Former labour minister has not made her final decision about presidential race.
photo: Sme - Pavol Funtál
She trails only Prime Minister Robert Fico and President Ivan Gašparovič, who have been dominating the popularity polls for a much longer time.
Radičová, the deputy chair of the Slovak Democratic and Christian Union (SDKÚ), is trusted by 15.2 percent of those polled by the MVK polling agency. Only Fico, with 41.8 percent, and Gašparovič, with 28.6, percent are more trusted.
Radičová scored this high even though the combined popularity of the opposition parties has not reached the numbers of the leading ruling coalition party Smer, which has not seen its scores drop since the last parliamentary elections.
Smer would get 42.8 percent of the vote if the elections were held today, followed by the ruling Slovak National Party (SNS) with 12.9 percent and the Movement for a Democratic Slovakia (HZDS) with 10.7 percent, according to a poll by the Slovak Statistics Office's Public Opinion Research Institute released on August 19.
The opposition SDKÚ and Hungarian Coalition Party (SMK) would each get 10 percent and the Christian Democratic Movement (KDH) would end up with 8.8 percent, the poll said.
"The opposition has not been able to mount a qualified challenge to the actions of Robert Fico," Juraj Marušiak, an analyst with the Slovak Academy of Science, told The Slovak Spectator. "Citizens might get the impression that [the opposition] only defends the particular interests of some groups that benefited from the actions of the previous government, and it is not keeping Slovakia's real interests in mind."
But the opposition acts like a standard opposition - it has been challenging the ruling coalition, which is part of the opposition agenda, Marušiak said.
"However, the problem of the opposition is not its chosen tactics, but rather the success of the current ruling coalition, thanks to the favourable coincidence of internal and external factors," he said.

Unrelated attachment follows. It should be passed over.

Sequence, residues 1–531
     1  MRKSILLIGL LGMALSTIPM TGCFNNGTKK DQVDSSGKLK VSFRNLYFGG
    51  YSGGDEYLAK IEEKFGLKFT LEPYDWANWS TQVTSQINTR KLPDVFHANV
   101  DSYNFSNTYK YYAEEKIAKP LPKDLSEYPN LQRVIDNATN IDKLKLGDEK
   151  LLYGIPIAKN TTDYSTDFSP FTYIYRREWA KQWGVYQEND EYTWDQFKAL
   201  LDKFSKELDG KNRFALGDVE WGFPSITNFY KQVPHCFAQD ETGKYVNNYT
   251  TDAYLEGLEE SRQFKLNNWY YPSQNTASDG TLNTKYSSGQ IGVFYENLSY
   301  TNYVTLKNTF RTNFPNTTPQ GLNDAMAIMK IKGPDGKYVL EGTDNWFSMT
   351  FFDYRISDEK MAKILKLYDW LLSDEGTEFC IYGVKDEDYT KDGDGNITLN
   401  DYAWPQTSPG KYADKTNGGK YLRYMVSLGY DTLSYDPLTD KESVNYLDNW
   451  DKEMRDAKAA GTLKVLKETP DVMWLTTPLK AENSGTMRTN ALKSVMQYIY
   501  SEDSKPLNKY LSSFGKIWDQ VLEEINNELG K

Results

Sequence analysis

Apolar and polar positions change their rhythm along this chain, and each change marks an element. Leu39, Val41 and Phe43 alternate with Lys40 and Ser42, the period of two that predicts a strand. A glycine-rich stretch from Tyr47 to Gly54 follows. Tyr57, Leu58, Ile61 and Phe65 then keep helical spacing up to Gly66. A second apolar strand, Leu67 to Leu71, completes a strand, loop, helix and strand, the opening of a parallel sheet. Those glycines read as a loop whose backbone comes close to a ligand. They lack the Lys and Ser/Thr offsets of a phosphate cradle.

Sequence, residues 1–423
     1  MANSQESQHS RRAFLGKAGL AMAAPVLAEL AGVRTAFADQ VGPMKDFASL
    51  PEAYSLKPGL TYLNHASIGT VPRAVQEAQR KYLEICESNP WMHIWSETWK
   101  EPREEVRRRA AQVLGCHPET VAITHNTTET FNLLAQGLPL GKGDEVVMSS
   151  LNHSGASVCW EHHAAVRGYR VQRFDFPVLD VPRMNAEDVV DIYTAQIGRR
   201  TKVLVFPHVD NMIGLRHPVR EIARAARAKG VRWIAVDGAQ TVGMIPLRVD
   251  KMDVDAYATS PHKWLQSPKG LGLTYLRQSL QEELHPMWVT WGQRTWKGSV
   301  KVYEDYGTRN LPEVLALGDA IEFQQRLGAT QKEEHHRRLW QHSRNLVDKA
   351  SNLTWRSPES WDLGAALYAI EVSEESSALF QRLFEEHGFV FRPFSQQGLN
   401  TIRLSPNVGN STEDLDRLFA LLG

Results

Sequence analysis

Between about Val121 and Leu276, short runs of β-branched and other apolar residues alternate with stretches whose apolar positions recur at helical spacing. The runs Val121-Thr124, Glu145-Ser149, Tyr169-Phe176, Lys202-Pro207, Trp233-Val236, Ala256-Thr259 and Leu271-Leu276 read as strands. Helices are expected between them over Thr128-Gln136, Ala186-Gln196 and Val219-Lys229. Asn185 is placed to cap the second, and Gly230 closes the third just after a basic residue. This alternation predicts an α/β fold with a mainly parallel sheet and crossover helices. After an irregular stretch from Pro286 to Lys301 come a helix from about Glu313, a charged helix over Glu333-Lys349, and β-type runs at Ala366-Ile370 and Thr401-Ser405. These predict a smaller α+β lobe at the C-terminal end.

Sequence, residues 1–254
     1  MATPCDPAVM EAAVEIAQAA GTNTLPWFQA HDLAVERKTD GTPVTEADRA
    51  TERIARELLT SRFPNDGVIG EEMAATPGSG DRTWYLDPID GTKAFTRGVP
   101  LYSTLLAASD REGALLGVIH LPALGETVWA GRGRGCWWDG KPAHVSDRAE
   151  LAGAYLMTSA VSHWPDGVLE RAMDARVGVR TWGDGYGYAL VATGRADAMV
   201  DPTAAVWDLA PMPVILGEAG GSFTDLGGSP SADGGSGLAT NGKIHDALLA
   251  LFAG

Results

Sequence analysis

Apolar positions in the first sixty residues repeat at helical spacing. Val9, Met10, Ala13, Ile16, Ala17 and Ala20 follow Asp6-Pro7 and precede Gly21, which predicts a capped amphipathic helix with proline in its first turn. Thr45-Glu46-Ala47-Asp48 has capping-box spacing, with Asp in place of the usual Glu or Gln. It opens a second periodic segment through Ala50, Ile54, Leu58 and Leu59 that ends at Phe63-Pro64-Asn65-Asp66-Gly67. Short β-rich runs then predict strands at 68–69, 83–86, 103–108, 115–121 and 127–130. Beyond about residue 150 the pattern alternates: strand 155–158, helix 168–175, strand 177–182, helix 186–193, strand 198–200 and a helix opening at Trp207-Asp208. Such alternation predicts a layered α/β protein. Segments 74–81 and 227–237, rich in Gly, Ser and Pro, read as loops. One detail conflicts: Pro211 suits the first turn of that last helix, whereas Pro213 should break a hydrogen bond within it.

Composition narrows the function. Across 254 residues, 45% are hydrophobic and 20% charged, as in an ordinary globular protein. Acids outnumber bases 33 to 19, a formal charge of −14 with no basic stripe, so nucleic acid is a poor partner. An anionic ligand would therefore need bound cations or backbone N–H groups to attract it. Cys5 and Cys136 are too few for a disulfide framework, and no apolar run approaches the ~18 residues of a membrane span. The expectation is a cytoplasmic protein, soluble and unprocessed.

Citizens were also tired of the reforms carried out by the previous government, which is still taking a toll on the popularity of the opposition, he added.
The party most likely to improve their fortunes is the SDKÚ, Marušiak said. The increasingly radical tendencies of the SMK have had an impact on that party's trustworthiness. The party has not been able to handle internal tensions and reconcile with the political line Miklós Duray is pushing for, he said.
Similar infighting has plagued the KDH, he said.
"The internal conflict within the KDH, the essence of which was hardly understandable to the public, has had a negative impact on the trustworthiness of the party," Marušiak added.
The SDKÚ itself sees Radičová's popularity as a result of the former labour minister not being directly involved in the reforms carried out by the government of Mikuláš Dzurinda.
"The results of Mrs. Radičová prove that she is an expert in her area and that we are not a one-man party," the deputy chairman of the SDKÚ, Milan Hort, told the Hospodarské Noviny economic daily.
Radičová shares Hort's opinion. People have understood that as a minister, she made professional rather than political decisions, Radičová told The Slovak Spectator.
"For me it is a signal that these solutions were not the solutions of an opposition or coalition politician, but rather for the people," she said. "Though I was a minister for only 10 months, I submitted a number of laws. The last revision to the social insurance act has obviously resonated the most."